That the alarming progress of the evil may be arrested, and our country saved from a more disastrous doom than that in which the late rebellion threatened to involve it, in the name of humanity, patriotism, morality, and religion, yea, in the name of God, we earnestly invite the coöperation of ministers and Christians, of teachers in our schools, of officers in our colleges, of our legislators and our ministers of justice, of our physicians and lawyers, and of our rulers in all departments of government, that our nation may be saved from the dangers which impend from the increasing prevalence of intemperance.

We would give the trumpet that certain sound which such men as Lyman Beecher and Justin Edwards gave, when the nation was aroused from its guilty slumber, and marshalled under God for that great moral battle, in which the friends of temperance so signally triumphed.

The committee submit for the adoption of the Council the following resolutions ; viz. :

1. Resolved, That this Council hails with satisfaction and gratitude to God the renewal of temperance efforts, in a Christian spirit, and on the scriptural principle of self-denial for personal safety and the good of others, efforts long successfully urged by wise and good men in our own ministry and churches, and in the ministry and churches of other denominations; and that we regard the family, the Sunday School, the Church and the congregation, and above all the ministry, as the fitting channels of influence, on this as on all other great moral questions.

2. Resolved, That while we accept with thankfulness the aid of legislation, in the conflict with intemperance, we must still rely mainly upon moral and spiritual appliances for progress and final triumph; and that we hold the temperance enterprise thus prosecuted to be just one method of that home evangelization in which this Council is so deeply and so properly engaged, and that, too, a method indispensable to the complete success of that divine work of evangelization.

3. Resolved, That, while we acknowledge with great satisfaction the eminent services of many of the medical profession in the cause of temperance, we hold it to be matter of regret that such numbers prescribe intoxicating beverages for convalescent and other patients; and we would earnestly inquire if the superior science and wisdom of the profession cannot find substitutes for such inebriating tonics, the use of which will be attended with less peril to those who are under the power of an incipient or confirmed appetite for intoxicating drinks.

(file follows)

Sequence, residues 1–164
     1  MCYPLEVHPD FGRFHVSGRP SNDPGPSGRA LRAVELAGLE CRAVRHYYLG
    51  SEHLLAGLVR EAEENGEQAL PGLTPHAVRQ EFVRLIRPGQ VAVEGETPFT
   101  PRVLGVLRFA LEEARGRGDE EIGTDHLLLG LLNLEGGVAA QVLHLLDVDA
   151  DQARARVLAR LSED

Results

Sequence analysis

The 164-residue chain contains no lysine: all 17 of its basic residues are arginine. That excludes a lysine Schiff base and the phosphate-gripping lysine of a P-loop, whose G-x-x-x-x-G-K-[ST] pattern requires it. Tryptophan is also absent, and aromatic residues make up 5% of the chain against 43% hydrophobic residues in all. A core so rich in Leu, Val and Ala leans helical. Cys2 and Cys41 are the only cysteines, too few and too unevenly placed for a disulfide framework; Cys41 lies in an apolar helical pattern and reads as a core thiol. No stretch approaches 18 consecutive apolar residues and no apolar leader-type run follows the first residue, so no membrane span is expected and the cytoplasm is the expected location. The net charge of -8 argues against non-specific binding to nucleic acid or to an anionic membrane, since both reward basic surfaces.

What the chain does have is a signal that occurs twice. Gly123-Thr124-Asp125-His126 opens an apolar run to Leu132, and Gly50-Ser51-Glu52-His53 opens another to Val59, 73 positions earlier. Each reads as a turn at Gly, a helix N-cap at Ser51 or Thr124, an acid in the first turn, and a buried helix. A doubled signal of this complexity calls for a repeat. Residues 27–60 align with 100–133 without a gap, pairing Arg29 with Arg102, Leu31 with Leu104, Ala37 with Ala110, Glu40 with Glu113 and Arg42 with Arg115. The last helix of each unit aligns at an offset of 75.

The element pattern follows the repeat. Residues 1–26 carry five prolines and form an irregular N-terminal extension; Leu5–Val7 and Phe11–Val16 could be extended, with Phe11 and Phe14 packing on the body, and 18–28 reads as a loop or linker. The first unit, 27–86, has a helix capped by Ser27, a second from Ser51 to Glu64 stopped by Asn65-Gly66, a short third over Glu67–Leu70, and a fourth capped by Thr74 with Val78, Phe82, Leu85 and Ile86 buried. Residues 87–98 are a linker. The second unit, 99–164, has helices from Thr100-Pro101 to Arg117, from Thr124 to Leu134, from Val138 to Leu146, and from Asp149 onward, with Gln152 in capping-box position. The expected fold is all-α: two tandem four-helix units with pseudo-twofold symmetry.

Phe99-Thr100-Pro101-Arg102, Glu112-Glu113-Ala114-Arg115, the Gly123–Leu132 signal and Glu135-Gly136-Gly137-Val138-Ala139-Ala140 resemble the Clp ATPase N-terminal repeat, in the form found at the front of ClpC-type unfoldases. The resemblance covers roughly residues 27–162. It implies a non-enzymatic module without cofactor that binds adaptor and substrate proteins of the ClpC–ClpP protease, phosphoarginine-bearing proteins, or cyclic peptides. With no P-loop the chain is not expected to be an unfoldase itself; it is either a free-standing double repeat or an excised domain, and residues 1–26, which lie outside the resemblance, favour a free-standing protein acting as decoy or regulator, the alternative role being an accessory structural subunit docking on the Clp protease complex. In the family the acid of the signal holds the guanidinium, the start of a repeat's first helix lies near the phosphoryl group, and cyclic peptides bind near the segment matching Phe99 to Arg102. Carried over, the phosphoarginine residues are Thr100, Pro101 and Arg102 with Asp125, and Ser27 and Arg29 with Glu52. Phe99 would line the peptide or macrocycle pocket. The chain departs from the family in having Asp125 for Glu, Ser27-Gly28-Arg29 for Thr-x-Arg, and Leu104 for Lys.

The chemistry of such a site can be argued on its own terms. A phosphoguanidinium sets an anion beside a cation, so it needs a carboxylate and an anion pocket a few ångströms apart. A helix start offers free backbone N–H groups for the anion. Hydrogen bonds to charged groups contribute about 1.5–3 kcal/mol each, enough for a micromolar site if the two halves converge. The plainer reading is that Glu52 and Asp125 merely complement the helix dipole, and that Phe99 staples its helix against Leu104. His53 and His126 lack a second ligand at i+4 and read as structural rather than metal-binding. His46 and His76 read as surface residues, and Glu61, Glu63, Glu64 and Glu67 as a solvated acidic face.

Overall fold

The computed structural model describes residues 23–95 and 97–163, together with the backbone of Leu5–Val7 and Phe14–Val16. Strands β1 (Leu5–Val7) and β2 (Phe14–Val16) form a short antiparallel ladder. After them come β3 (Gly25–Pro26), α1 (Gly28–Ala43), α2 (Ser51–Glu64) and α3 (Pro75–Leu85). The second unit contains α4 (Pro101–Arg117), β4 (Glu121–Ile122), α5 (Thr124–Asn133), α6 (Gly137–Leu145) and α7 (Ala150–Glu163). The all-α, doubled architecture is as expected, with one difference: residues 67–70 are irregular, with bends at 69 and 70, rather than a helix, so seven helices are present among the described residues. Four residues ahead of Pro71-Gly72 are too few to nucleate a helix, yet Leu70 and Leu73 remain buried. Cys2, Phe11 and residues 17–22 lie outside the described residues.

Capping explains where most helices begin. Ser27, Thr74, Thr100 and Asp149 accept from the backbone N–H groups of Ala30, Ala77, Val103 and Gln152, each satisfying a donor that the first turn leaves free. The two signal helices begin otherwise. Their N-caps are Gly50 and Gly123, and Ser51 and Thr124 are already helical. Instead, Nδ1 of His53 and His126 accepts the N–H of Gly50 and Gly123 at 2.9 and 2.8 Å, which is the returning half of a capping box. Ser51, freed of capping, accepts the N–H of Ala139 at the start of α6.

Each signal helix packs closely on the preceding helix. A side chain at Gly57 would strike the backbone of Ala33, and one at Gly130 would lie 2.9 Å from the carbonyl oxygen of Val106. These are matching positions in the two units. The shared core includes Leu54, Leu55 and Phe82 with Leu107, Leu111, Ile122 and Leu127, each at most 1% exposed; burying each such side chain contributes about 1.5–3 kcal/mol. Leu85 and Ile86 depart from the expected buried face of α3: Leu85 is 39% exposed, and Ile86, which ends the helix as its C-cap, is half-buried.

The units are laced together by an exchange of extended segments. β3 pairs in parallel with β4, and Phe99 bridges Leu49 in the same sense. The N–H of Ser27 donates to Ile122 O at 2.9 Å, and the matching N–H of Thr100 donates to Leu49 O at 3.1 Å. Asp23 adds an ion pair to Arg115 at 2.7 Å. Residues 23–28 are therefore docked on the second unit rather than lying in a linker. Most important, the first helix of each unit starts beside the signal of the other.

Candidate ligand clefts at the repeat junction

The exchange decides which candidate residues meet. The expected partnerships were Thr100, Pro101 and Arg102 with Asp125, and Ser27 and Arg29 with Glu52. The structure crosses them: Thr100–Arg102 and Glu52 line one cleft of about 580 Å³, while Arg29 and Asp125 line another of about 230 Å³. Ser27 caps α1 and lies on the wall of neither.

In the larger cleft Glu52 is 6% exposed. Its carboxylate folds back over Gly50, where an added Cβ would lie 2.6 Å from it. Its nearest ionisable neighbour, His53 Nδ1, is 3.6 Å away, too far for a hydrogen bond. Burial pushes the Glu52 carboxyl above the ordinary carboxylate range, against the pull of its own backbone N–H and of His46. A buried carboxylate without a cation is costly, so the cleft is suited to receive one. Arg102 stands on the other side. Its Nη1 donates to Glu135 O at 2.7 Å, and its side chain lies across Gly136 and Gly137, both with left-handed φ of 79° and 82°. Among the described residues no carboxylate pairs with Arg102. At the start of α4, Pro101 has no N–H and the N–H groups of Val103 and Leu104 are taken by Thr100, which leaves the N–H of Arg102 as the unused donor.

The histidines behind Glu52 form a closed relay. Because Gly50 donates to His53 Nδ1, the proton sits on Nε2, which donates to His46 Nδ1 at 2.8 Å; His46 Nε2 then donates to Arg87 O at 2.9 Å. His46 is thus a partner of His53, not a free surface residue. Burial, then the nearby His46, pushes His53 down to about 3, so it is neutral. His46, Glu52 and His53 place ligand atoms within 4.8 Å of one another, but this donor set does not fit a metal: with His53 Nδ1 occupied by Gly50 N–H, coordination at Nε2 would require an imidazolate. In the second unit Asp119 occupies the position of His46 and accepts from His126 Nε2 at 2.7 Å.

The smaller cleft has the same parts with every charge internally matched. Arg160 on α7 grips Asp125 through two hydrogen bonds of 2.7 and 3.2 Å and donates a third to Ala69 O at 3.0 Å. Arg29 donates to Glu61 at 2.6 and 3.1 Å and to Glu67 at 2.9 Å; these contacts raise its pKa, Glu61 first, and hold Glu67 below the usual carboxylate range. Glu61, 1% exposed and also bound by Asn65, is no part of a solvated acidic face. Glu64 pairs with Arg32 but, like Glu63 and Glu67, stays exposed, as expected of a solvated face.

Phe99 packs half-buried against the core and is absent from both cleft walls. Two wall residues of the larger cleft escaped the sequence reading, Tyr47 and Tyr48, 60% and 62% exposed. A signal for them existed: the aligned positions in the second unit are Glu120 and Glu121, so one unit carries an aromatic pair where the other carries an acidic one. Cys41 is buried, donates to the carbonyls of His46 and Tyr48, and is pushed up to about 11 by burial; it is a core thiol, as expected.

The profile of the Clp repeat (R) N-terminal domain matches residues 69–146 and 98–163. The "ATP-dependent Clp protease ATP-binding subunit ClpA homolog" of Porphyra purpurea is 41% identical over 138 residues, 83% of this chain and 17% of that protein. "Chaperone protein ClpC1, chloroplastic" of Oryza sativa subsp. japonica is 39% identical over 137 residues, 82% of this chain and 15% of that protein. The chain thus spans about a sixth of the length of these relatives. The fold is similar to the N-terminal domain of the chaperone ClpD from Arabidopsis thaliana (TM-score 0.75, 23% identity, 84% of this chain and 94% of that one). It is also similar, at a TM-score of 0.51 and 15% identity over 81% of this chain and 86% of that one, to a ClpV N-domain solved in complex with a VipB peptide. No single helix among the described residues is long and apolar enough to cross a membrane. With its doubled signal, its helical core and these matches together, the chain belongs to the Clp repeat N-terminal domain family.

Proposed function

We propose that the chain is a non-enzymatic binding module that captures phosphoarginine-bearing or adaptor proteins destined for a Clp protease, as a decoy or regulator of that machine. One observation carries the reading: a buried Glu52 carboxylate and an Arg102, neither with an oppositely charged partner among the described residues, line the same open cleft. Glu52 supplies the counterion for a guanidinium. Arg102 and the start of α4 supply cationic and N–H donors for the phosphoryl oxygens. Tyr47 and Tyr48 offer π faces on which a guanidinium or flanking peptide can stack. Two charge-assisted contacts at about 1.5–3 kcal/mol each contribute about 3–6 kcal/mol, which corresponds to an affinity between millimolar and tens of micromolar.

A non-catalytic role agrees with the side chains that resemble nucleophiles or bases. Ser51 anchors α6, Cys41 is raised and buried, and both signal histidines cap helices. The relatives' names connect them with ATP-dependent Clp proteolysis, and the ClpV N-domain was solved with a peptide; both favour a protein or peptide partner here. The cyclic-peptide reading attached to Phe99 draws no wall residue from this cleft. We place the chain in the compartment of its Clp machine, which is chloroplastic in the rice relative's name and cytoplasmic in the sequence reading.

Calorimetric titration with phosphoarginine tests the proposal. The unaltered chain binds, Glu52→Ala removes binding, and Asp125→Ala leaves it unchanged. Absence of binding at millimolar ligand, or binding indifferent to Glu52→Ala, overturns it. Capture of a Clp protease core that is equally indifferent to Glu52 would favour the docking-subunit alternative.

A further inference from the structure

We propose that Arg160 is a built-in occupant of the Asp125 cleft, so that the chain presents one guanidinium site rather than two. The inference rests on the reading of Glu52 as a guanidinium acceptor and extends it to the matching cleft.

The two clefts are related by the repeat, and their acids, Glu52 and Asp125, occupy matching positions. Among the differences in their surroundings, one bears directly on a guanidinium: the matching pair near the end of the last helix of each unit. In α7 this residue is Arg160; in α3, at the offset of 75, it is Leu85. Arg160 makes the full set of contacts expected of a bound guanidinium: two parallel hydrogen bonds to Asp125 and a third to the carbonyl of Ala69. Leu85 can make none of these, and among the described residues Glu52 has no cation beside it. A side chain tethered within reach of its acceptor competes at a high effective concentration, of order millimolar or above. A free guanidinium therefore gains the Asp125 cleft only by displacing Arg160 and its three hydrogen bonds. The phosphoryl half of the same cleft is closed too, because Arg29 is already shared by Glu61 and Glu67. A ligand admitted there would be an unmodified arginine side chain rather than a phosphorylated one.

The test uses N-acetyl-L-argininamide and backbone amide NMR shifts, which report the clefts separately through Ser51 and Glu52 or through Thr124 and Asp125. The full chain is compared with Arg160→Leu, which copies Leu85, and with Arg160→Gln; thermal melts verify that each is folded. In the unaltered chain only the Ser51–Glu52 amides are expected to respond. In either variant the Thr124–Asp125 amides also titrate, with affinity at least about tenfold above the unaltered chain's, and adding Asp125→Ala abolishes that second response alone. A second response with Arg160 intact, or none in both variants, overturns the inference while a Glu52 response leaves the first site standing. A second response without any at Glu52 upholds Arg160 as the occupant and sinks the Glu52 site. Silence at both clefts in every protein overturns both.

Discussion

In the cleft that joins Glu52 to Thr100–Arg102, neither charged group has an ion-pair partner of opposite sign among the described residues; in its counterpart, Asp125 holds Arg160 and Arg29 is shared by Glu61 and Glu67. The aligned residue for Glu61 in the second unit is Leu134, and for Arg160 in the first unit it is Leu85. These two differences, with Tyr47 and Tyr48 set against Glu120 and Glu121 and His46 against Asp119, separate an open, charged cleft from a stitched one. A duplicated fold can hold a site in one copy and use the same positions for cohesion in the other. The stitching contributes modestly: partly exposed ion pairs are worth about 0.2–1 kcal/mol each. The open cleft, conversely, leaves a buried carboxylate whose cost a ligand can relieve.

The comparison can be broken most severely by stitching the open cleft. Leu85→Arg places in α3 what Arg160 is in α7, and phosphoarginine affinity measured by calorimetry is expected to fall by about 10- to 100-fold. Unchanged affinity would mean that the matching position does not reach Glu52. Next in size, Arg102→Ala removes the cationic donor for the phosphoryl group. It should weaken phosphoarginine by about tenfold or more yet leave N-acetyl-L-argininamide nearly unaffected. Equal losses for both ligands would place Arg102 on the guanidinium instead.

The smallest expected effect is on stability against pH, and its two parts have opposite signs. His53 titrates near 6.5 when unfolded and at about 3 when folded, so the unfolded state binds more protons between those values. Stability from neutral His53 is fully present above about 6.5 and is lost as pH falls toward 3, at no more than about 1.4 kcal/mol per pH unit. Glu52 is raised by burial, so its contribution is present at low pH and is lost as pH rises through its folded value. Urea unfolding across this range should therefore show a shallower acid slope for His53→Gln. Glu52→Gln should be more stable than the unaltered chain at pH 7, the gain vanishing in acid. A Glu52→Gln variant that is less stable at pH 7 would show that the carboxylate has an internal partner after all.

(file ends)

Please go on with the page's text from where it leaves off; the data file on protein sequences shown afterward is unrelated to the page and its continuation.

4. Resolved, That we receive with satisfaction the invitation to send a delegation to the National Temperance Convention to be holden at Saratoga, New York, August 1st, 1865; and that we respond to that invitation by appointing six delegates, headed by our respected Moderator, to that convention, with the desire to add the testimony of this national body to that of the many State and local bodies to be represented in that convention. (Signed)


The report was accepted, and it was moved to strike out the word “ prohibition” in the 2d resolution. The amendment was adopted.

Mr. Williams, of New York, moved to amend by appending his resolutions condemning the improper use of tobacco. The motion was lost.

It was moved to reconsider the motion striking out the word “prohibition.” The motion was lost.

The report as amended, was adopted.

Rev. Prof. Park made a report from the committee to whom was referred the report on education at the West, as follows:

The special Committee on Education at the West respectfully report the following resolutions :

Resolved, That in order to the raising-up of an educated ministry for the supply of the churches of the new States now becoming filled by the advancing tide of population, and to meet the large demands of those States which recent events have opened to Christian influence, it is a fundamental necessity that well-indorsed and well-manned collegiate and theological institutions should be established, and that, too, in the best positions.

Resolved, That the Society for the Promotion of Collegiate and Theological Education at the West, in rendering effectual aid to fourteen collegiate and theological institutions, scattered from Eastern Ohio to the Pacific coast, so placing them on sure foundations, and in so managing this whole subject as at once to have saved the churches from annoyance and to have given a wise direction to their charities, has accomplished a work of great and enduring benefit, which this Council recognize with gratitude to God, by whose help it has been wrought.

Resolved, That in view of the great work yet remaining to be done both at the West and in the South, and of the admirable adaptation of this society to the accomplishment of it with the least possible friction and expense, this Council heartily commend it to the increased confidence and larger liberality of the churches represented here.


Report of Special Committee on Theological and Collegiate Education.

Whereas, Our brethren in Kansas are laying the foundation of a Congregational College, which shall, on the field of its early victory, be a monument of the triumph of freedom over slavery; a memorial of that Christian emancipator whose name it bears; a center of Con

gregational and Christian influence, and a source of ministerial supply for the Missouri Valley and the regions beyond:

Resolved, That we commend the enterprise to the confidence, sympathy, and liberal support of all friends of New England principles and polity, civil and religious liberty, and home evangelization; and yet that their appeal to the public be only through and in accordance with the rules of the Society for the Promotion of Collegiate and Theological Education at the West.

The Report was accepted and adopted.

The Nominating Committee reported the following nominations for Committees, who were appointed : viz.,

Committee to make special appeal for the $750,000 — Rev. E. B. Webb, Mass.; Rev. T. P. Field, D.D., Conn.; Rev. J. C. Holbrook, D.D., N. Y.; Rev. G. S. F. Savage, Ill. ; Rev. R. Hall, Min.